F) It uses the plural of partners, which might imply more than one manufacturing facility (potentially for different products)
Around this point in the post, many of you are like “Who is Magene, and how’d they end up in this post?!?”. Magene is a Chinese-based sports tech company that’s made trainers for a number of years, and has more recently dabbled in power meters. I reviewed one of their trainers a few years back, and found them actually surprisingly accurate and well done for a company that at the time didn’t have much experience/history. In many (most?) ways, they duplicated the Wahoo designs of the time, though recently they’ve gone their own route a bit on designs. Though their most recent T300 direct drive trainer seems a lot more variable, and drifts considerably, based on the testing that GPLAMA has done.
Beyond Magene, most other trainer manufacturing partnerships within Asia tend to fall to Thailand, Vietnam, and Taiwan. Though interestingly, Magene actually lists Wahoo Fitness as an investor and their own Alibaba page lists them as Wahoo’s supplier – so whether or not that would preclude a partnership with Zwift is unclear (since helping make trainers for Zwift would obviously not be in Wahoo’s competitive interest). Though, Magene (which goes by half a dozen corporate identities in China) does have OEM manufacturing partnerships for a few different product categories including rocker plates, bike lights, smart trainers, power meters, and more.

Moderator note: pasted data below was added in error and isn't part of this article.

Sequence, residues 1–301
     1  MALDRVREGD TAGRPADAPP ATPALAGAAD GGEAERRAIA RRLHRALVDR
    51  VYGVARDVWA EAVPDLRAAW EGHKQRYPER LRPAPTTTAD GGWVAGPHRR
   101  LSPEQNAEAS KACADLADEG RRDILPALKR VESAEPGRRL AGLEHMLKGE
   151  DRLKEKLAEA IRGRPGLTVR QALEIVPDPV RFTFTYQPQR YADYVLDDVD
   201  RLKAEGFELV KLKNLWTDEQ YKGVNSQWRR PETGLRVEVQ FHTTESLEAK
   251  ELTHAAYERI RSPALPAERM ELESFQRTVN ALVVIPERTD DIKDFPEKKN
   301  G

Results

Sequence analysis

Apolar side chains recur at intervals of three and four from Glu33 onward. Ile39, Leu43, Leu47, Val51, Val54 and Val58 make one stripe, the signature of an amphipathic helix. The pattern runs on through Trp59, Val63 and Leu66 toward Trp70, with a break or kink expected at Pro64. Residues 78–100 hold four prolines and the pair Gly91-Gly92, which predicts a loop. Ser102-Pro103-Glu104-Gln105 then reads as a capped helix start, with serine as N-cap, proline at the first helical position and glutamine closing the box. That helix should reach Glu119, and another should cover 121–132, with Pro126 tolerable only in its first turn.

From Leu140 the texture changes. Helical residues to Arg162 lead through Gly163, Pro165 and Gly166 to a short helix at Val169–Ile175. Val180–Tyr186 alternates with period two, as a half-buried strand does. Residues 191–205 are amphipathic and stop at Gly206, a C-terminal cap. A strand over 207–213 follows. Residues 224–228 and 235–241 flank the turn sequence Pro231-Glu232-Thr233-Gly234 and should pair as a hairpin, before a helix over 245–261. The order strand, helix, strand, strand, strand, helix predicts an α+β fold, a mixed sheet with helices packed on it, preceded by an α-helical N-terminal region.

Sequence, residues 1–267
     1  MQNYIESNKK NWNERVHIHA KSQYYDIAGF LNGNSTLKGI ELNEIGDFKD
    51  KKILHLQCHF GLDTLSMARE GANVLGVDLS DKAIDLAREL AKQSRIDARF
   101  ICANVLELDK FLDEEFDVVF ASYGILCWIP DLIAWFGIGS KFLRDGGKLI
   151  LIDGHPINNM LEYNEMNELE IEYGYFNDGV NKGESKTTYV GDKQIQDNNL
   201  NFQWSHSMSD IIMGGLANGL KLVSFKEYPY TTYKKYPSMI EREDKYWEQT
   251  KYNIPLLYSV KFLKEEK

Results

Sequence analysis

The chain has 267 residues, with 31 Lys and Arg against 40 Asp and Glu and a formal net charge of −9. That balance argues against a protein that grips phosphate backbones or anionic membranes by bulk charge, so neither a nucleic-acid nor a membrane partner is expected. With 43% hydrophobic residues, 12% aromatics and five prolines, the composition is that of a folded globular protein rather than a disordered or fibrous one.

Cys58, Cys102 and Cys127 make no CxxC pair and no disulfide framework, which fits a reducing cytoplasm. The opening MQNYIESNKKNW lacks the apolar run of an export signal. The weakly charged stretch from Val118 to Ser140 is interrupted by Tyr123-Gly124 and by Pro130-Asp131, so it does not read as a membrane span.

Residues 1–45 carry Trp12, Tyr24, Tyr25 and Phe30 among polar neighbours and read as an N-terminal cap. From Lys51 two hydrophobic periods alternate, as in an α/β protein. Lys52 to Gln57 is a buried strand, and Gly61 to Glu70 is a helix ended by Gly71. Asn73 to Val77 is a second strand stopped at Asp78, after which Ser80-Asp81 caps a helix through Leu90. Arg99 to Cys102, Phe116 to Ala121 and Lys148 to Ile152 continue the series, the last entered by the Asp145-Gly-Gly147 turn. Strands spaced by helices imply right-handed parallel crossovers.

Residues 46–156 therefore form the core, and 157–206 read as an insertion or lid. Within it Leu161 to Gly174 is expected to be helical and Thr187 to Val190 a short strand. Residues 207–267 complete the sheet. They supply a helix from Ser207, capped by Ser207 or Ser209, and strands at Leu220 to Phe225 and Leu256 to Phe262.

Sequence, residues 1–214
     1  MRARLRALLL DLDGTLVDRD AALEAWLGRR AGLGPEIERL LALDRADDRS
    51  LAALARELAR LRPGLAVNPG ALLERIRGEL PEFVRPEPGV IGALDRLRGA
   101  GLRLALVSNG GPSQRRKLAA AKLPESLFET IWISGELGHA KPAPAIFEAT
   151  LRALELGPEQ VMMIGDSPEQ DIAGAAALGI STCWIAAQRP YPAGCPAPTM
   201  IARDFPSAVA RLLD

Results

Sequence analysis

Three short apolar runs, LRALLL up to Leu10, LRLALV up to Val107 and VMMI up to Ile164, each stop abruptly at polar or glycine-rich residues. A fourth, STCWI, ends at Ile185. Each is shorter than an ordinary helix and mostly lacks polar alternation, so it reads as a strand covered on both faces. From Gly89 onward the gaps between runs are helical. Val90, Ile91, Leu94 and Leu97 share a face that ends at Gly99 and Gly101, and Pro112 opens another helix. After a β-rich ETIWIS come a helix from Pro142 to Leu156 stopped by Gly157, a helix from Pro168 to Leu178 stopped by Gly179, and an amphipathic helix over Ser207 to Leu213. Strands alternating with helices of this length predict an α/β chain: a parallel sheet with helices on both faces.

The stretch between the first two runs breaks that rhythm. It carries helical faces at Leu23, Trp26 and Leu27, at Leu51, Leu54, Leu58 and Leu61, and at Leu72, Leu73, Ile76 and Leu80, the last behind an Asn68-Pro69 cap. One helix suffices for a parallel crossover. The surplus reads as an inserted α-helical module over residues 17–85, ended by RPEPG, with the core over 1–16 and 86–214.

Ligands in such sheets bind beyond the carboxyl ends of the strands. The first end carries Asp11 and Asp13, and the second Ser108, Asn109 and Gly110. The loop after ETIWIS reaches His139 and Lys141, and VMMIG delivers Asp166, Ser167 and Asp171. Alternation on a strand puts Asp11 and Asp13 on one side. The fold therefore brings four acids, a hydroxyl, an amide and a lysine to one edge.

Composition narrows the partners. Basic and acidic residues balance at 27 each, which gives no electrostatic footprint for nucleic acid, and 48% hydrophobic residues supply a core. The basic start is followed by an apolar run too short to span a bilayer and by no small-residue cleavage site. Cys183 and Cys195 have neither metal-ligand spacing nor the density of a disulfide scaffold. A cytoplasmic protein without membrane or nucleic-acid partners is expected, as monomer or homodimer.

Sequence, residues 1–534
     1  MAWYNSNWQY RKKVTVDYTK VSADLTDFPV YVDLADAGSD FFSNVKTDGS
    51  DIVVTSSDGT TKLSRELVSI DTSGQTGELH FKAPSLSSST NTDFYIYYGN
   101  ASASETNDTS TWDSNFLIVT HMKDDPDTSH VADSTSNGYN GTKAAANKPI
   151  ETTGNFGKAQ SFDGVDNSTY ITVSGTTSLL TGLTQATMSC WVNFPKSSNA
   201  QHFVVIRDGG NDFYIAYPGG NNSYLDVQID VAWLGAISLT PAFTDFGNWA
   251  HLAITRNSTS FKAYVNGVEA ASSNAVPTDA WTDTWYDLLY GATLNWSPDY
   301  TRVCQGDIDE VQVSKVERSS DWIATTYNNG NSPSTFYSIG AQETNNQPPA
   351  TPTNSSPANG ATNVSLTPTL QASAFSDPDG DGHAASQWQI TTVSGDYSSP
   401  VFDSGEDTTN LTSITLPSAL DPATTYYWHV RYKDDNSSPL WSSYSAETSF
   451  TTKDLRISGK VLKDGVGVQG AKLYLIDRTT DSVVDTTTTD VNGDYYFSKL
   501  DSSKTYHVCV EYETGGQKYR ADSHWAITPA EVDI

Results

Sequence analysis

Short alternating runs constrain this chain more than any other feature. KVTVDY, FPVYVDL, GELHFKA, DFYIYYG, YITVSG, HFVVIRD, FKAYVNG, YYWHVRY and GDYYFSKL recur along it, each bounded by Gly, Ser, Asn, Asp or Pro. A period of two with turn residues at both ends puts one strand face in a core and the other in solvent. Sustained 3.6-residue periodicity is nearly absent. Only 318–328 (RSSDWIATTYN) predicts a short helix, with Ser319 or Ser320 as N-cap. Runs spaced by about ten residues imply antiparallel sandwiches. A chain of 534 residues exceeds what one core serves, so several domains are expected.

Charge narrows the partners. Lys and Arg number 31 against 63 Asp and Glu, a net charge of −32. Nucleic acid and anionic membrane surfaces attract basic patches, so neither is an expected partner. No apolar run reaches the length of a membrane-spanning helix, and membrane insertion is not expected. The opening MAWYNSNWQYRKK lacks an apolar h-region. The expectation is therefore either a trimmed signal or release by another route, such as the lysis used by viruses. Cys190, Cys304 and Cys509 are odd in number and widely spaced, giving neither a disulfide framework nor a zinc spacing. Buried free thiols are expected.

Obviously, manufacturing goods in China isn’t news per se, but the Magene angle gives one pause – as they’d have experience in this sector already. And as much as bean counters who haven’t built trainers and smart bikes want to believe manufacturing is interchangeable, the reality is that having an experienced partner in this sector will save many months of ramp-up struggles.
Three Fitness Products:
But let’s back up a second to the “three at-home fitness products” part of this job description. That’s obviously the most important part of today’s post. In fact, it’s so important that Zwift has realized it was a poor strategy to include that in the job posting itself. Since Tariq’s initial tweet, that wording has since been changed to remove those words. However, you can’t remove anything from the internet – it’s still everywhere:
Assuming this isn’t just three new footpods, which obviously, it isn’t – then the question is to what level do these three new products rise to?
One could assume a smart bike, a trainer, and perhaps a KICKR CLIMB like accessory with steering built-in. Or, it could be three ‘trainers’/’bikes’, such as a low-end trainer, a mid to high range trainer, and a smart bike. Or, it could be steering products of their own, not requiring dependence on companies like Elite and their Sterzo Smart.
Now Zwift’s CEO Eric Min has already confirmed they’re building a smart bike, so that takes one of them off the listing. Here’s that exchange from this past fall:
Bloomberg: “So does that mean there’s going to be a smart bike, a Zwift branded smart bike?”
Eric Min: “That’s right, we’ve been telling our partners for many years now that this is really the future of growing this entire category. And we’ll continue to work with our partners, and in the current environment our partners cannot make enough hardware.” [He goes goes on to note that the shortages have impacted many different fitness companies beyond Zwift.]